It is almost in the same league of gruesome, wince-inducing embarrassment as the Ukip calypso, and there are not many peerages that can claim that dubious distinction. Yes, and not unconnected to the Ukip phenomenon, the elevation to the peerage of Sir Andrew Green – self-appointed immigration cop and founder of Migration Watch – is odd indeed. Of course he was, so far as can be seen, a perfectly good diplomat during his long career in the Foreign Service, including stints in Syria and Saudi Arabia. That isn’t the problem.
The problem is that his nomination suggests the same degree of public acknowledgment for his more recent efforts in the field of immigration policy – tendentious and one-sided as they have been. Sir Andrew’s is supposed to be a non-political promotion. While one can easily see that in the case of his fellow nominees – former Commons Clerk Sir Robert Rogers, ex-MI5 boss Sir Jonathan Evans, and education expert Professor Alison Wolf – this is not so obvious in the case of Sir Andrew. What’s more, offering him the added authority of the prefix “Lord” is not in the wider public interest. It confers upon him and the organisation he fronts up a degree of respectability which is unwarranted.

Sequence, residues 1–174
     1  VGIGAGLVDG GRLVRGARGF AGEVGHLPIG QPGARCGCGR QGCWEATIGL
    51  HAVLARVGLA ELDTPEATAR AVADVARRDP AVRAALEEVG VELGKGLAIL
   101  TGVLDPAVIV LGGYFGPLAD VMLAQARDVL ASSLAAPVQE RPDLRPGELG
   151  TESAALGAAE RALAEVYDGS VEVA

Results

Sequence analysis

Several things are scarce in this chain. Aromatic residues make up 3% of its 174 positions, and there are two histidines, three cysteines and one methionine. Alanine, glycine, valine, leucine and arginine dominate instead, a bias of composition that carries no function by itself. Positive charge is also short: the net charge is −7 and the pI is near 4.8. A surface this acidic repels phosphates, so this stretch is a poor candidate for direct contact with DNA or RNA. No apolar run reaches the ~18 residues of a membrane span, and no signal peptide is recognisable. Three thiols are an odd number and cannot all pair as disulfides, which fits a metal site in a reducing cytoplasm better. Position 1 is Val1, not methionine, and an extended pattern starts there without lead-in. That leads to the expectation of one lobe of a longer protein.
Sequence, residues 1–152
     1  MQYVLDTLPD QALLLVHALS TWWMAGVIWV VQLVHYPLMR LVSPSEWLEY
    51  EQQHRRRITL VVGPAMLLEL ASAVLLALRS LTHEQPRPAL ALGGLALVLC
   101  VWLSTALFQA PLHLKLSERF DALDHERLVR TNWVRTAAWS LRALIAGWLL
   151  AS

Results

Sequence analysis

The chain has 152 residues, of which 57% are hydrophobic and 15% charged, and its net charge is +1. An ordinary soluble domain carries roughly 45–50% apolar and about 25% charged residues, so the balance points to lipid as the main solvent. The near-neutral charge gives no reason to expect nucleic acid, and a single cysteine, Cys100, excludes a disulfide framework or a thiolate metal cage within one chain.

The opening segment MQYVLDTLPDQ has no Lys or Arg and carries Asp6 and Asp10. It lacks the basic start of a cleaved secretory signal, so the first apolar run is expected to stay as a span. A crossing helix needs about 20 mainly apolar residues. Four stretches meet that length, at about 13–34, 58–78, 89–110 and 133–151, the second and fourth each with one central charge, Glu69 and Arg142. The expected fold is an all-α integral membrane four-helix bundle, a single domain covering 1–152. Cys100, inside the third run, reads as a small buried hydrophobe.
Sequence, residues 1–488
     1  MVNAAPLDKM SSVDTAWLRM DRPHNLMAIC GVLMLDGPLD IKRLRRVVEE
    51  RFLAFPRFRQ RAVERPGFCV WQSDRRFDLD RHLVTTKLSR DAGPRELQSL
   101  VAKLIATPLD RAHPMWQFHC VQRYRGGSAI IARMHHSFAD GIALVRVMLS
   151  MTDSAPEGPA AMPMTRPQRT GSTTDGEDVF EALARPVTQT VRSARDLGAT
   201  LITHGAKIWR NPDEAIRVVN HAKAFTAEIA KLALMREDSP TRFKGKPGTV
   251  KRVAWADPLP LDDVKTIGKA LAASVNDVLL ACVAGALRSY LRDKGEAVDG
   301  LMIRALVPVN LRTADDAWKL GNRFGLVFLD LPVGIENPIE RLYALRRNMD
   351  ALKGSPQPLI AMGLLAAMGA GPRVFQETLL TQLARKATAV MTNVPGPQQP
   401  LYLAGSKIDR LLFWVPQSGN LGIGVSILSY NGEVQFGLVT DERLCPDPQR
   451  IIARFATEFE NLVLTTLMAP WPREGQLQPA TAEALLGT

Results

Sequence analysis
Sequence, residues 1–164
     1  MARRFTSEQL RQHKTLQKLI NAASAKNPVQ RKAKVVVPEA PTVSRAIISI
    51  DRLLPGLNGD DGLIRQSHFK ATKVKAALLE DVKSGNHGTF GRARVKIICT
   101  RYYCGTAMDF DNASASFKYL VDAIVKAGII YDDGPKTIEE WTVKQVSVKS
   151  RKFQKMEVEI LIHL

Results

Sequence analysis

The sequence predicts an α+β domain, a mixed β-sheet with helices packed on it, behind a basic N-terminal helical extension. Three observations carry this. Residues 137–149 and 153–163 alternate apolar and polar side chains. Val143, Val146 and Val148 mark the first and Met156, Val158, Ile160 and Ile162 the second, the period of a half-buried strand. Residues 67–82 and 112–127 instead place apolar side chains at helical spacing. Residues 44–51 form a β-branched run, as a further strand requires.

If this is David Cameron’s idea of a joke then, like the Farage-inspired calypso we have heard so much about recently, it is in poor taste. Immigration does not need “watching”. Immigration by work-hungry, young, adventurous people is among the greatest economic boosts a nation can enjoy, solving at a stroke the demographics of the typical advanced Western industrial society – too few younger workers supporting our older people. Immigrant minicab drivers, NHS doctors and hotel cleaners will be paying the taxes that pay for Lord Green’s attendance allowance when he turns up to their lordships’ house. Will he ever admit as much? Lord Green will certainly be a peer to watch.Reuse content